At 9 P. M. , in a drenching rain, the march began. The Company marched or rather straggled on , eight miles , over a road full of puddles and deep ruts, in company with two corps of men,--- the men falling out of the ranks every moment , and lying down to snatch a moment’s rest. We do not learn that any of our men were obliged to succumb. Toward morning the company filed into an open field, known as Glendale. Here the men had two hours for sleep. 

Monday; 30 --- A very warm day---
Beginning not far from 3 o’clock P. M. was fought the desperate bloody battle of White Oak Swamp , --- our Regiment acting still as a reserve. They began duty by marching double quick two miles , from the left to the right, stayed one hour , then back to the left double quick , “ came just at the right time “ to reinforce and rally at expected weak points. The Regiment was moved up and down a dusty road , two miles in length, four times . They marched all day within a circuit of three miles. At night there were not more than two hundred men in line. Early in the evening the march was resumed , and continued until near morning , when they halted and slept awhile. 

Tuesday; July 1,---After this rest the Regiment was marched out and formed in line of battle. At this point Elisha Bigelow was compelled through exhaustion and illness to remain back, and was not seen again till Friday . This day our Regiment was in battle, but the letters give no particulars. They fell back six miles toward the James River. How this night was passed we do not learn.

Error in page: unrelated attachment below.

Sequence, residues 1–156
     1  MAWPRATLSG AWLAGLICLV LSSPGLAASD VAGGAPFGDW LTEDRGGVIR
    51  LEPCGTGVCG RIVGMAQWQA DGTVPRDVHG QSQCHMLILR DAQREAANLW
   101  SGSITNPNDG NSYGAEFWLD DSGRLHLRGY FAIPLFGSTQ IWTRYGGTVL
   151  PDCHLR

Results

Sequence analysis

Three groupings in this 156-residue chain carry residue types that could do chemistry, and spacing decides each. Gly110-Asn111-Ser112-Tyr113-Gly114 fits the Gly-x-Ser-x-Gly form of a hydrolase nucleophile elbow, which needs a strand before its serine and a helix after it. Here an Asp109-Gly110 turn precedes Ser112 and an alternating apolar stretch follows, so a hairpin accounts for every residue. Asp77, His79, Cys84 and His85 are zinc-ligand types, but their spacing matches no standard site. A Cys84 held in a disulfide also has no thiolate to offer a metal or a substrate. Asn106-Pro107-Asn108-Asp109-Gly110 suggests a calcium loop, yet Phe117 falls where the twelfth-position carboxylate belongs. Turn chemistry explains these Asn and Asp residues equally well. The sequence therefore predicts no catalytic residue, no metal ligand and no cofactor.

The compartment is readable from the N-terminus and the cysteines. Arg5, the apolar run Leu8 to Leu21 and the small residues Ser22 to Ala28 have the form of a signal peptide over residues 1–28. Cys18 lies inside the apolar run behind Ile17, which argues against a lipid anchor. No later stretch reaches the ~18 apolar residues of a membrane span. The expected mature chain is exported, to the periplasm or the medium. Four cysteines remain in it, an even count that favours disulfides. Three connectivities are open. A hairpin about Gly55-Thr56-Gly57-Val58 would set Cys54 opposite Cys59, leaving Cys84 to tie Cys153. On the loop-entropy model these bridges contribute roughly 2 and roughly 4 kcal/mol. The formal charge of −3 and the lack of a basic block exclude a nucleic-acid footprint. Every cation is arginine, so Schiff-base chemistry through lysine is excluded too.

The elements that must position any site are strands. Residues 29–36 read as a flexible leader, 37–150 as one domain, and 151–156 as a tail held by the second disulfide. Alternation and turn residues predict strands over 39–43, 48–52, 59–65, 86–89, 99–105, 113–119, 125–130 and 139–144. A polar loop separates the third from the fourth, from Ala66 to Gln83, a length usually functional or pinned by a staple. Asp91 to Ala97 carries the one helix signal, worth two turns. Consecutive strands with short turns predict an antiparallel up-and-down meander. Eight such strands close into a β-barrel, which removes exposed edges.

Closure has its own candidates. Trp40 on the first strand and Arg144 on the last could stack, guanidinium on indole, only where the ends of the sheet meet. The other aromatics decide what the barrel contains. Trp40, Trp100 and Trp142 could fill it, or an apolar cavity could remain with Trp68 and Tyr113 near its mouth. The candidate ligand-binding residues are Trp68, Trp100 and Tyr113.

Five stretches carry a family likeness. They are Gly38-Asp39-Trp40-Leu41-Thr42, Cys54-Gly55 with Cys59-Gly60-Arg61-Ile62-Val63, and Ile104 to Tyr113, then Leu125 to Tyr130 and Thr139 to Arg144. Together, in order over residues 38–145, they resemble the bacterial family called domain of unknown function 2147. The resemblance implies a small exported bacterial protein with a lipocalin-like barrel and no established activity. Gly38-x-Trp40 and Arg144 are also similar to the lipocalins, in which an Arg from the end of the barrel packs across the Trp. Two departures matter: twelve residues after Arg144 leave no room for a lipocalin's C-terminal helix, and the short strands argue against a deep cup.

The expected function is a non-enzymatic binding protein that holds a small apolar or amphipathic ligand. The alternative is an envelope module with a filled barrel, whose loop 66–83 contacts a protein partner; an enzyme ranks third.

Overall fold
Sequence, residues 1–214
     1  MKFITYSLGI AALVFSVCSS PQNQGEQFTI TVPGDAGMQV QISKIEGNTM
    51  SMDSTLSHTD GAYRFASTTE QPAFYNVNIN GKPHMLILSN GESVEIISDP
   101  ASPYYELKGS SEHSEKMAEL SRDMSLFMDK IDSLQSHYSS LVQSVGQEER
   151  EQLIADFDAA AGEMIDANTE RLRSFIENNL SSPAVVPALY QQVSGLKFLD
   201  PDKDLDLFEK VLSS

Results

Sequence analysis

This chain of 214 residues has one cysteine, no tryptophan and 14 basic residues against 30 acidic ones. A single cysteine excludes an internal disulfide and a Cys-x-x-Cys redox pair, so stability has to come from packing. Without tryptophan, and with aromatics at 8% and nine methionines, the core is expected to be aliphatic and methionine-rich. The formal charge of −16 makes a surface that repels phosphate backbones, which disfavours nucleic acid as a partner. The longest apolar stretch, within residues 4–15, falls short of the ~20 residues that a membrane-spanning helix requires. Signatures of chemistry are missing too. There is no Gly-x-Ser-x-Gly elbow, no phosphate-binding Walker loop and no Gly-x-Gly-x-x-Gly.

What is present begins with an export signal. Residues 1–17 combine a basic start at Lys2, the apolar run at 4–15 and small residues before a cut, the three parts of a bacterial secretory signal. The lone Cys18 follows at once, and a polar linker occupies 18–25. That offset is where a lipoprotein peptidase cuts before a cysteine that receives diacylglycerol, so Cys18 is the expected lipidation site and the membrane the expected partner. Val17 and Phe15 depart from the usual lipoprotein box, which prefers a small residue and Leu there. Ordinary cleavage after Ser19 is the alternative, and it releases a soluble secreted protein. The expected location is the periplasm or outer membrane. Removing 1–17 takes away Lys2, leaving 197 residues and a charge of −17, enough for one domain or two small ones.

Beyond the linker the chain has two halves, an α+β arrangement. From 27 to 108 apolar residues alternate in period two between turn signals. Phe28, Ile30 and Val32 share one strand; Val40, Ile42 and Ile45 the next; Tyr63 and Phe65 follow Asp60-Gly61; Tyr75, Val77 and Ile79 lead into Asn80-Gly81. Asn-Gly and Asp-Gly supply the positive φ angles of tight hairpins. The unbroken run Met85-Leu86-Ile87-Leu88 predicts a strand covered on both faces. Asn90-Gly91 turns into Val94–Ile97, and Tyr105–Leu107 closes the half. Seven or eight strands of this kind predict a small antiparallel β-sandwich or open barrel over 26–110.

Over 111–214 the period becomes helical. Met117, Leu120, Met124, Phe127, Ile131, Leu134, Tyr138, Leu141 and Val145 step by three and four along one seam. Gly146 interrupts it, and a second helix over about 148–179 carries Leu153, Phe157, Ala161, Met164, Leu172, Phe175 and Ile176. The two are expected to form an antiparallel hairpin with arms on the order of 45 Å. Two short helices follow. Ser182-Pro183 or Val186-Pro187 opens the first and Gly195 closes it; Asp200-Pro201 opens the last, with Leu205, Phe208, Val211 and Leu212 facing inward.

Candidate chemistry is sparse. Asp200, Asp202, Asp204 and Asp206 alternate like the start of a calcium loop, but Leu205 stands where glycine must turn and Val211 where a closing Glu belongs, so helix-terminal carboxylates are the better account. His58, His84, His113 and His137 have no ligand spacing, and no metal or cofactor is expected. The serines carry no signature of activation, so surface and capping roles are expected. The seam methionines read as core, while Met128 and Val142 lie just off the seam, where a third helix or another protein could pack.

Wednesday, 2.---At dawn began the march for James River. These last eight miles were traversed in a drenching rain . ..., and is described as “ terrible terrible “. The mud was in places a foot deep ,--- the baggage and artillery having the middle of the road, the men only the side paths .At noon the men arrived at Harrison Landing. They encamped in a large wheat field , capable of containing the whole army. The field was ready for the harvest, but in two hours it was all a mass of mud, and not a stalk of wheat to be seen. The men arrived, after having fought four successive days , and marched as many nights . They went to work, and made themselves as comfortable as possible. It rained more or less all night . The men passed the night without tents or blankets , resting on the wet muddy ground ,---“ no wood for fire, no straw for a bed , no blankets for a covering “ all was dark dreary , lonesome .There are not strong adjectives enough to express our misery ; but it had an end, and in two days the sun did shine.” 

Friday, 4--- The Regiment moved into camp one and a half miles from the river. This day, after wandering through scores of regiments seeking his own ; the lamented Bigelow came to his friends, sick unto death.

The Company, though constantly exposed , have passed unharmed the fiery ordeal . Clemans , Burnham , Mahoney , Slater , and Ellis , are supposed to be among the prisoners.

All honor to our Webster volunteers; men who uncomplainingly and unselfishly bear for us the heat and burden of the day. They are worthy of a hearty support and warm sympathy. Shall they not have it? Let us sacrifice for them as they have for us. They call for men, more men, ---men who count not their lives dear for the country’s good, and who desire to live only as free institutions have a free and normal life .


15th Massachusetts VI